Singapore to allow digital banks; MAS issuing up to 5 new licences: Tharman

Senior Minister Tharman Shanmugaratnam said the new digital bank licences mark the next chapter in Singapore's banking liberalisation journey. PHOTO: LIANHE ZAOBAO

SINGAPORE - Up to five new digital bank licences will be issued here, paving the way for non-bank players to break into a local financial services scene dominated by a handful of traditional providers.

Senior Minister Tharman Shanmugaratnam announced the move on Friday night (June 28) at the 46th Annual Dinner of The Association of Banks in Singapore at Raffles City Convention Centre.

Mr Tharman, who is also chairman of the Monetary Authority of Singapore (MAS), said the new digital bank licences mark the next chapter in Singapore's banking liberalisation journey and ensure that Singapore's banking sector continues to be resilient, competitive and vibrant.

He noted that the banking sector is on the cusp of transformation, with the far-reaching effects of digitalisation "stimulating a fundamental rethink of the role of banks in most advanced financial centres".

"We must take advantage of these opportunities that digital finance brings, and not be overtaken by the wave of changes taking place globally," said Mr Tharman. "We must allow for greater competition and spur greater innovation in finance."

A digital-only bank provides all its facilities online and through mobile or tablet applications so they do not typically need physical branches.

They can also offer services using automated processes and real-time updates.

The new licences are in addition to any digital banks local lenders can set up under the existing Internet banking framework, said the MAS.

The new regime will comprise up to two digital full bank licences that provide for a wide range of financial services and allow deposits to be taken from retail customers.

There will also be up to three digital wholesale licences for online banks that cater to small and medium-sized enterprises and other non-retail segments.

Applicants for the digital full bank licences must be headquartered in Singapore and controlled by Singaporeans. Foreign companies that want to apply must form a joint venture with a Singapore company.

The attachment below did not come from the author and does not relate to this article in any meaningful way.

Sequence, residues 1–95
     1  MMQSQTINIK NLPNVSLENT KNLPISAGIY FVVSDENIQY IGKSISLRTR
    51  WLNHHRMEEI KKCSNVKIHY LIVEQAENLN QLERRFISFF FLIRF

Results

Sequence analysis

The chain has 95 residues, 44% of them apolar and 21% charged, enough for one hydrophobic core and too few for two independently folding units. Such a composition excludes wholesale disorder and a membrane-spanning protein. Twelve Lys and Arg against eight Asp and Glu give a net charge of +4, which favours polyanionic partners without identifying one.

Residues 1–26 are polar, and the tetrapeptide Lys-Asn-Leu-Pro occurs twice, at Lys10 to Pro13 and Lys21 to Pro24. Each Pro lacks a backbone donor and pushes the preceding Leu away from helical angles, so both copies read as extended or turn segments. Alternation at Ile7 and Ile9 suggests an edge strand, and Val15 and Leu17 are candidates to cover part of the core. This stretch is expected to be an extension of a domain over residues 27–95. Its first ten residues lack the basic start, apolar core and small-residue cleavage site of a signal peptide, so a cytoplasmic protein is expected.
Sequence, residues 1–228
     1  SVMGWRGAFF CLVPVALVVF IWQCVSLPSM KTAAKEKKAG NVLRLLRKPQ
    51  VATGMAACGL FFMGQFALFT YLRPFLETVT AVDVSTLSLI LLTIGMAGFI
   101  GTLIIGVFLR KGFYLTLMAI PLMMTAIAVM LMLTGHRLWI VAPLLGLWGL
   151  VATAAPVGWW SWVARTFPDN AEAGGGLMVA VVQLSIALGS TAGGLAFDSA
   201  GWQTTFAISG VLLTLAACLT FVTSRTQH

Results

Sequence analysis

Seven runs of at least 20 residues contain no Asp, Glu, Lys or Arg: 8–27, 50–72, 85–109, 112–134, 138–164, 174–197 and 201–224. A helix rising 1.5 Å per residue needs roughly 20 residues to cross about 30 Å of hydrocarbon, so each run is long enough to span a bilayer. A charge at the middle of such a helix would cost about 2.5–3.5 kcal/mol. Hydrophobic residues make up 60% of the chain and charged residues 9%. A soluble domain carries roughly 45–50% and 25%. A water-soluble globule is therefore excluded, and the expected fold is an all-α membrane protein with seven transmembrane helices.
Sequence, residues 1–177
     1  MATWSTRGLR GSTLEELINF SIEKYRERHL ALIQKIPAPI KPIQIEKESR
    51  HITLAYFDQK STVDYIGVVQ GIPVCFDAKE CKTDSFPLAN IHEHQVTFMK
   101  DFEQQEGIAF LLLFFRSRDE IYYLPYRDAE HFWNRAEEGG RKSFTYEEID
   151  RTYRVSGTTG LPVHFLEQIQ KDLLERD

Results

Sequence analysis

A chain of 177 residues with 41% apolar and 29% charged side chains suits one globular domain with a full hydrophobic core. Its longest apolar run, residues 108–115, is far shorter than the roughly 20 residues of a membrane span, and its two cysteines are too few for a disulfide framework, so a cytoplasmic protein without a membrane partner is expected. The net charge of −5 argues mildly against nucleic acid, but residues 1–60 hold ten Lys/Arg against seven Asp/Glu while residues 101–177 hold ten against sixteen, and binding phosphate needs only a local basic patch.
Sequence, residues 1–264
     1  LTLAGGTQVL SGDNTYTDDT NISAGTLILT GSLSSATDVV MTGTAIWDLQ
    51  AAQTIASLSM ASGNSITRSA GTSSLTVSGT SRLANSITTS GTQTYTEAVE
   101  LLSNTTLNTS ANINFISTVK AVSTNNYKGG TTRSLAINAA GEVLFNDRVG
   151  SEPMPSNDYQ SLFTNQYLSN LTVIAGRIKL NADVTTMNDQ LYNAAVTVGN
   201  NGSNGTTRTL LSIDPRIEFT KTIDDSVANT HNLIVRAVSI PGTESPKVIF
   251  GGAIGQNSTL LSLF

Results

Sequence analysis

Digital wholesale bank licences are open to all companies.

Hong Kong has handed out eight virtual bank licences.

Mr Tharman cited how digital challengers such as MYBank in China has widened financial inclusion. Some 80 per cent of its clients are first-time borrowers like mom-and-pop shops. South Korea's Kakao Bank attracted more than six million users in its first year of operations.

"We welcome firms with innovative value propositions to apply for the new digital bank licences, even if they have not yet established a track record in banking," he said.

In response to the announcement, gaming peripherals brand Razer's chief strategy officer Limeng Lee said MAS was "forward-looking" in "opening up more financial options to consumers and businesses".

The announcement is timely as Razer has been growing its financial technology business in South-east Asia in recent months, he added.

"We will definitely consider applying for the digital bank license and are keen to help spur innovation in Singapore's financial sector," Mr Lee said.

A Singtel spokesman said they are "open to exploring the feasibility of such an opportunity and will be reviewing the licensing conditions".

Mr Reuben Lai, senior managing director, Grab Financial Group, said: "This is a great development for consumers in Singapore... We will study the digibank licensing requirements closely."

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